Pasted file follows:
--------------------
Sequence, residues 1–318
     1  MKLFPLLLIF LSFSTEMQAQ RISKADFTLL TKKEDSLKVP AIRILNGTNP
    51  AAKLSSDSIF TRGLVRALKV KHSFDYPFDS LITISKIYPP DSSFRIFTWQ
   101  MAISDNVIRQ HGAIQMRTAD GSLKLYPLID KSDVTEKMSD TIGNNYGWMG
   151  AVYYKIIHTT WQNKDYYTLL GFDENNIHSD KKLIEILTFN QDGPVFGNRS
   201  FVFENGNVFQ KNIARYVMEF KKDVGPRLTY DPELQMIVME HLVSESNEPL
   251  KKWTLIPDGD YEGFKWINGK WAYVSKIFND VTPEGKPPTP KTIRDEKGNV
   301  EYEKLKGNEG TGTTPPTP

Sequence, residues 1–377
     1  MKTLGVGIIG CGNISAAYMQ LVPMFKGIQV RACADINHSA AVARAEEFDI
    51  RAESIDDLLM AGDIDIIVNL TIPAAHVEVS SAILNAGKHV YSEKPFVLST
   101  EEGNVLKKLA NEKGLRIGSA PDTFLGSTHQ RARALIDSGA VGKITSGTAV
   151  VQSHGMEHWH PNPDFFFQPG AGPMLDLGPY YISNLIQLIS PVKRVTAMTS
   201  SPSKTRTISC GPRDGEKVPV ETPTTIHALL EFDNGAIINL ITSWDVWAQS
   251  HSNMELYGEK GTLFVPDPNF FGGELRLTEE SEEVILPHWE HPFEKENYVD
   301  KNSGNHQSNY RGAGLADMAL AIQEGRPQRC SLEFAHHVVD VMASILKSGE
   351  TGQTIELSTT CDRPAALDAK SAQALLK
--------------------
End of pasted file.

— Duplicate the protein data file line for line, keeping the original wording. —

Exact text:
Sequence, residues 1–318
     1  MKLFPLLLIF LSFSTEMQAQ RISKADFTLL TKKEDSLKVP AIRILNGTNP
    51  AAKLSSDSIF TRGLVRALKV KHSFDYPFDS LITISKIYPP DSSFRIFTWQ
   101  MAISDNVIRQ HGAIQMRTAD GSLKLYPLID KSDVTEKMSD TIGNNYGWMG
   151  AVYYKIIHTT WQNKDYYTLL GFDENNIHSD KKLIEILTFN QDGPVFGNRS
   201  FVFENGNVFQ KNIARYVMEF KKDVGPRLTY DPELQMIVME HLVSESNEPL
   251  KKWTLIPDGD YEGFKWINGK WAYVSKIFND VTPEGKPPTP KTIRDEKGNV
   301  EYEKLKGNEG TGTTPPTP

Sequence, residues 1–377
     1  MKTLGVGIIG CGNISAAYMQ LVPMFKGIQV RACADINHSA AVARAEEFDI
    51  RAESIDDLLM AGDIDIIVNL TIPAAHVEVS SAILNAGKHV YSEKPFVLST
   101  EEGNVLKKLA NEKGLRIGSA PDTFLGSTHQ RARALIDSGA VGKITSGTAV
   151  VQSHGMEHWH PNPDFFFQPG AGPMLDLGPY YISNLIQLIS PVKRVTAMTS
   201  SPSKTRTISC GPRDGEKVPV ETPTTIHALL EFDNGAIINL ITSWDVWAQS
   251  HSNMELYGEK GTLFVPDPNF FGGELRLTEE SEEVILPHWE HPFEKENYVD
   301  KNSGNHQSNY RGAGLADMAL AIQEGRPQRC SLEFAHHVVD VMASILKSGE
   351  TGQTIELSTT CDRPAALDAK SAQALLK